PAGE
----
19 November is World Toilet Day

World Toilet Day is about inspiring action to tackle the global sanitation crisis. Today, 4.5 billion people live without a household toilet that safely disposes of their waste.

The Sustainable Development Goals, launched in 2015, include a target to ensure everyone has access to a safely-managed household toilet by 2030. This makes sanitation central to eradicating extreme poverty.

In 2013, the United Nations General Assembly officially designated November 19 as World Toilet Day. World Toilet Day is coordinated by UN-Water in collaboration with governments and partners.


One of the global activities that you can join is the #UrgentRun. Each year on World Toilet Day, the World Toilet Organization commemorates this day with the Global Urgent Run. The Global Urgent Run is a call for urgent action to end the sanitation crisis. It aims to bring communities around the world together, to raise awareness for the global sanitation challenge and engage people with sanitation issues in their local communities. Support the sanitation cause by joining the 2017 Urgent Run event near you. Look where it takes place this year

Why we need to talk about shit

Today, about a billion people worldwide face the indignity of defecating in the open. The lack of clean and safe school toilets leads to higher dropout among girls once they reach puberty. Diarrhoeal diseases – a direct result of poor sanitation – claim more children every year than AIDS, malaria and measles combined. A taboo topic often shrouded in ignorance and silence, toilet sanitation begs for open discourse and social awareness in its global implications on health, education and safety. Jack Sim asks the provocative question: what would it take to mobilise our society and see social change in this sorely neglected issue, and what can we do about it? Widely known as Mr Toilet, Jack Sim broke the global taboo of toilet and sanitation by bringing the agenda to global media centre-stage. After attaining financial independence, he retired from business to devote the rest of his life to social work. In 1998 he founded the Restroom Association of Singapore and the World Toilet Organization (WTO) in 2001, a global network and service platform for toilet associations to promote sound sanitation and public health policies. WTO declared November 19th as World Toilet Day which has now been adopted as Official UN World Toilet Day.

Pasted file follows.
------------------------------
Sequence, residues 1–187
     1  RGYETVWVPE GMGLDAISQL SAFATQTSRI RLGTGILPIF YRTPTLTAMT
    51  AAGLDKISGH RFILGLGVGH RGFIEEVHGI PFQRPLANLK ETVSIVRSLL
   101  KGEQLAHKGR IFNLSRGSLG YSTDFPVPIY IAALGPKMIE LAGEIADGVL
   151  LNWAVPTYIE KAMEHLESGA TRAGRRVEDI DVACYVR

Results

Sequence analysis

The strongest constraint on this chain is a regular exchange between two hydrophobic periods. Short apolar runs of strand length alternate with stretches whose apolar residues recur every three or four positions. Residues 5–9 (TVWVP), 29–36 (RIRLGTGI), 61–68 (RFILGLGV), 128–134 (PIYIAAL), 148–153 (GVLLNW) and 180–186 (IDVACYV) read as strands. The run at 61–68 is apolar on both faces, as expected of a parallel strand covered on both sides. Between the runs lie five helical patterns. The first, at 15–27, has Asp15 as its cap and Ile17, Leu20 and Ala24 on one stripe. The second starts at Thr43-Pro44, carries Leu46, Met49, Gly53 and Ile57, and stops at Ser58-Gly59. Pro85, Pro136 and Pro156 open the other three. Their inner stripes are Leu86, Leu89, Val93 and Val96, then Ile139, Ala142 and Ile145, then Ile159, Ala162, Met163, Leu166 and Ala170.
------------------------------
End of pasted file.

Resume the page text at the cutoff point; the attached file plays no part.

Watch Jack Sim explaining why we need to talk about shit >    

5 takeaways from Stockholm World Water Week

Experts have pointed to a growing momentum among politicians, finance and business leaders toward meeting the global water and sanitation development goals. However, many also warn that development finance is still woefully small, that silos persist among actors, and that not enough attention is being paid to reaching the poorest of the poor.

These were some of the main messages heard during last week’s Stockholm World Water Week, which saw more than 3,200 participants from 133 countries descend on the Swedish capital for six days of sessions and discussion centered around reaching the water and sanitation Sustainable Development Goals. How to access new sources of finance and how to spend existing flows more effectively was a prominent theme. The World Bank now estimates an additional $114 billion per year is needed in order to extend universal access to WASH beyond what was required for the Millennium Development Goals. But in 2014, development finance for water totaled just $18 billion per year.


Meeting WASH specific SDG targets by 2030 is a huge challenge. Currently the U.N estimates that 2.1 billion people still lack access to safe drinking water, and 4.5 billion are without improved sanitation services. Furthermore, with population growth projections at their highest in water scarce areas such as sub-Saharan Africa, and increasing rates of urbanization, the challenge is set to get even harder in the coming years.

Here are five key takeaways and issues to watch.

1. The SDGs have ‘galvanized’ the WASH sector

2. But how much is being translated into practice?

3. Unlocking new financial flows for WASH

4. The most promising new developments are in urban sanitation

5. Waste management is an increasingly urgent problem

Read more >


Environmentally and Social Just Globalization is Possible

As G20 leaders meet in Hamburg, Germany,  July 7-8, they are once again being advised by the Civil20 (the formal civil society link to the G20) that if, but only if, globalization targets the systemic causes of inequality, will  Agenda 2030, the UN Sustainable Development Goals be achieved.